Should You Get a Cat for Your Family

Deciding if a cat is the right pet for your family can be difficult. You want to make sure you are ready to handle cat ownership. Here's how you can find out.

How to Know If You're a "Cat Family"

It is very important that you don't ever just jump into pet ownership before figuring out if you can handle the responsibility of a pet. This goes for any pet. We don't want homeless dogs and cats all over the place just because someone thinks that kitten is so cute, then when it gets older it's not looking so cute anymore. So before you get yourself a cat, you need to ask yourself these questions.

1. "Am I prepared for a cat?" This means can you provide for a cat financially, including veterinarian bills that might come up and keeping up to date on your cat's immunizations. It also means having a good place for the cat - a stable environment. If you're renting, it means you plan on staying long term and the landlord is okay with you having cats. If you own your own home, do you have an area for the cat and a place for a litter box?

2. "What kind of impact will it have on my lifestyle?" Do you like to travel a lot? If so, do you have someone who can care for the cat while you're away? Or maybe you will just bring the cat with you as a travel companion. Do you have children or are you about to? What will all of these changes do to you? Do you feel you can handle all of that added responsibility?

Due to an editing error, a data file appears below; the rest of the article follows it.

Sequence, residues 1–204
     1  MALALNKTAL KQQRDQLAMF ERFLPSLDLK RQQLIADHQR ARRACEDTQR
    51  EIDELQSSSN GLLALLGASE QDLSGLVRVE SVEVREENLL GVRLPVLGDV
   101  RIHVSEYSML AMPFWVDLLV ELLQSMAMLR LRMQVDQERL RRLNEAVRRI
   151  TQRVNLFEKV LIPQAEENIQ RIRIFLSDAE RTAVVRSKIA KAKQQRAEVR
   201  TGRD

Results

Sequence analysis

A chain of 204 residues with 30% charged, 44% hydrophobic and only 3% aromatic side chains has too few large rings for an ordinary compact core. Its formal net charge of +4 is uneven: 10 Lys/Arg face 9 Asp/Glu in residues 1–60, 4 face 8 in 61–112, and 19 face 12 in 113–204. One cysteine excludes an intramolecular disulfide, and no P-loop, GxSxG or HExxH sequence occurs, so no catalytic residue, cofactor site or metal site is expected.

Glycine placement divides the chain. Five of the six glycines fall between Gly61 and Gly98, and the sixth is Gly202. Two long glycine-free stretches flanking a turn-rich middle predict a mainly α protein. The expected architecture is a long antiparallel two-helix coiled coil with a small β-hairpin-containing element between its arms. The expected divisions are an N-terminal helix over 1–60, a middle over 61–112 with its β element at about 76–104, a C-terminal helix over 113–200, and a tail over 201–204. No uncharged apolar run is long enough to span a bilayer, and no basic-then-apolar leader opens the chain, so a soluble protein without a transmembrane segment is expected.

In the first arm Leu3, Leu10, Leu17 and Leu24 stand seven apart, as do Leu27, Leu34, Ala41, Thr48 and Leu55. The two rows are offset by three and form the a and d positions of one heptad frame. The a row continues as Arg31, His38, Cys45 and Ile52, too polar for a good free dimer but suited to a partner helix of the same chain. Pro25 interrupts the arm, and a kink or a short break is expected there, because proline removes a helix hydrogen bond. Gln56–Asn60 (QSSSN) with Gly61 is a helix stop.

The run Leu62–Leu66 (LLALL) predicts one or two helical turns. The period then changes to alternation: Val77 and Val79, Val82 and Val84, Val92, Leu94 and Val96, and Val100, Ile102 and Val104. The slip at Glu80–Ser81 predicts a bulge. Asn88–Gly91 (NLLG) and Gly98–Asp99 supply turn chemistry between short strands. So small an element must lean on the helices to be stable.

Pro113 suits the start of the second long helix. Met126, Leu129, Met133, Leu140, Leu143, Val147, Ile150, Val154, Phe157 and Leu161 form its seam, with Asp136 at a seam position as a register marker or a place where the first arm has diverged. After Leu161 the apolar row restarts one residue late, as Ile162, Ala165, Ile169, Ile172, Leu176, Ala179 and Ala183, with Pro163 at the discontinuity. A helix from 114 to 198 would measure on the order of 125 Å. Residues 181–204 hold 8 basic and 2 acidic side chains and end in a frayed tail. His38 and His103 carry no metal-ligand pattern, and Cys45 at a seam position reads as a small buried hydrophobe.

3. "Will it make me happy long term?" If you have just lost a pet, going out and getting another one might seem like a great idea. However, you really need to ask yourself if this is what you need long term. Will you receive benefits from pet ownership beyond those first days? Or are you eventually just going to get bored with it all once the newness wears off?

All of these are important questions to ask yourself. If you are prepared financially and emotionally to provide for a cat, then you need to spend some time with the cat before you take it home. Everyone who lives in your house should do this. If there's any chance of an allergy you want to find out before you take a cat home. Don't just spend a few minutes with the cat, either. Sometimes it takes repeated exposure for an allergy to show up. And not all cats will cause you the same reaction either, so don't feel too discouraged. If one cat makes you break out in an itchy rash, another one might not.

Make sure everyone in your home is on board with the responsibility of having a cat in the home. No one should be afraid of the cat. Cats are not really into being owned per se; they are more of a sentient being. They need to be made to feel like a member of the family and not a possession. And they will seek you out for attention when they want it, so don't be thinking just because you're in the mood to pet a cat he's necessarily going to be in the mood to be pet.

Cats are relatively self-sufficient. Give them some daily exercise in the form of play and leave a bowl of food and water out for them and a litter box and they won't require much of you. But they can be very finicky and lash out when they do not get what they want, so you need to be prepared to learn to speak the cat's language to figure out how to meet his needs.

As long as you can provide a good stable home with lots of love and the proper nutrients and medical care, then you might just be the family to have a cat.

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